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yellow door 1

DIY flounder spear

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First make a piece of junk out of a metal mop handle to see the limitations of such a beast.

Then beef everything up - drill holes into heavy curtain rod - cut steel rod in half and hammer into pole - add hose clamps - sharpen the tips - and you're ready to put holes into some flounder

A flounder guru set me straight and said you need a heavy pole and long tines. The heavy pole makes penetration a breeze especially on boney headed flathead - and no barbs makes getting them off the spear too easy









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Most of my materials come from curb side rubbish collection piles - so there is no shortage of old mops to choose from.

And yeah - improvised tool use is one of my specialties - Just yesterday I was faced with getting some huge sturdy card boxes into the bin - the stanley knife was breaking my balls - Cordless Jigsaw made short work of it👍

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my rod is 1250mm long and the metal rods stick out 450mm - so thats a total length of 1700mm - the solid wood curtain rod diameter is 33mm.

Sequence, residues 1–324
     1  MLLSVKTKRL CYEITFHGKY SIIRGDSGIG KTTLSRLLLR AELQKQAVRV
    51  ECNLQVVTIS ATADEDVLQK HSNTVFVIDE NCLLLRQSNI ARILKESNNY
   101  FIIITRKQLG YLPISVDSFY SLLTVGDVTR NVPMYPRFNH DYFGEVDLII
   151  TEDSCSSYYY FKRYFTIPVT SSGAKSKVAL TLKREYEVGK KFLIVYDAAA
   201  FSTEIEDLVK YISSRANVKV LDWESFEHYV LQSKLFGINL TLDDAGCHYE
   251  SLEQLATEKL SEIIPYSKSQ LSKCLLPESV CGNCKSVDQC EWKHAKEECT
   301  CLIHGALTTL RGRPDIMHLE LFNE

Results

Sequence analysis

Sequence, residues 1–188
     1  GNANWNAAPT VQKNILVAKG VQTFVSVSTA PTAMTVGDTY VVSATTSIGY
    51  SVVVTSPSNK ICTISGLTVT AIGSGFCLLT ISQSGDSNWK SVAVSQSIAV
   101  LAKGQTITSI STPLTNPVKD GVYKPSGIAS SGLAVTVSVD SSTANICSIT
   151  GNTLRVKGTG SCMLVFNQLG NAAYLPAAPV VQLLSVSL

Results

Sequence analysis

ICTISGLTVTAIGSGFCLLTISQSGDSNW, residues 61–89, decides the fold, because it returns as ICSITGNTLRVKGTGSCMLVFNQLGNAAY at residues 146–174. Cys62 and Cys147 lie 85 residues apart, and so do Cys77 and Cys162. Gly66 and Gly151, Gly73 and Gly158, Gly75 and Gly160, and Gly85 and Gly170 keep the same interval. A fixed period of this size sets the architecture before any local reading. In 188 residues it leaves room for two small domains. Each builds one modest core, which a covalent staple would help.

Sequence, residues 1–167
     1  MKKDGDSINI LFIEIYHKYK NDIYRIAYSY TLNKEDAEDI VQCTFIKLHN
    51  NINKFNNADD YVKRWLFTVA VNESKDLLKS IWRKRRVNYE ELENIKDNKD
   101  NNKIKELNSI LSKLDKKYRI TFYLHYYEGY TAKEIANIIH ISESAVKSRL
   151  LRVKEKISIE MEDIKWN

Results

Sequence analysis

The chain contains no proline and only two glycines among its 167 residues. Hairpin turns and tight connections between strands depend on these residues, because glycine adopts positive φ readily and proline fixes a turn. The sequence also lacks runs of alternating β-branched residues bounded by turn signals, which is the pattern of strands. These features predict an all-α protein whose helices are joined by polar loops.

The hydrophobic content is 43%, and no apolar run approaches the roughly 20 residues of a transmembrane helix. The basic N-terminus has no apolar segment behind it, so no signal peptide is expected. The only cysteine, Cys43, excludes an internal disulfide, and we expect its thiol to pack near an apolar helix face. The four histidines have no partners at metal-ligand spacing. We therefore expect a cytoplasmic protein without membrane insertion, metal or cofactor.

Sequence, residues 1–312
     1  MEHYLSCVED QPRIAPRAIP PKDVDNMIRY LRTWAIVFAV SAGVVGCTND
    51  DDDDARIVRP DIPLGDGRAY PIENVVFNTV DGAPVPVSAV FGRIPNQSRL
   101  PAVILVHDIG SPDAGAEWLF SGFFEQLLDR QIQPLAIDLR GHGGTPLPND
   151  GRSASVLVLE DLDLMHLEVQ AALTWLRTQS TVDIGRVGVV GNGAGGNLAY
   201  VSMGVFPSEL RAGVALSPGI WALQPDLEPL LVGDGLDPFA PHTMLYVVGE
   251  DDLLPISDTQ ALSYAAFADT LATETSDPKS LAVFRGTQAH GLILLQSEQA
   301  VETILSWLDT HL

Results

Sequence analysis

The steel rods are 6mm diametre and come in 1m lengths from bunnings - so I hacksawed that in half to make the 2 spear points that are 500mm long.

I'm from Victoria so I cant help with local  spots - but beaches I spear are inside port phillip bay - flat bottomed, calm, very gradually sloping beaches that receive no swell apart from wind driven swell.

Heres the regs for SA - its worth checking it out because there are laws in VIC like a spear with a rubber attached is illegal but the same spear with out a rubber is legal



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Last tip is - while you will find plenty of flounder on a clear still night with a head torch - you will find more with a submersible light.  The angle of the light hitting the fishes back is important.

When the light comes from directly on top, its doesnt cast a shadow - but if you have a submersible light shining across their back it casts a shadow and makes them much easier to spot.

I bought one of those battery operated units as I already had alot of rechargeable aa batteries.


Heres some footage of them in action - its dipping for gars but you'll get the idea -

p.s. theres usually plenty of gars in the spots I fish for flounder - and stingrays - so tread carefully




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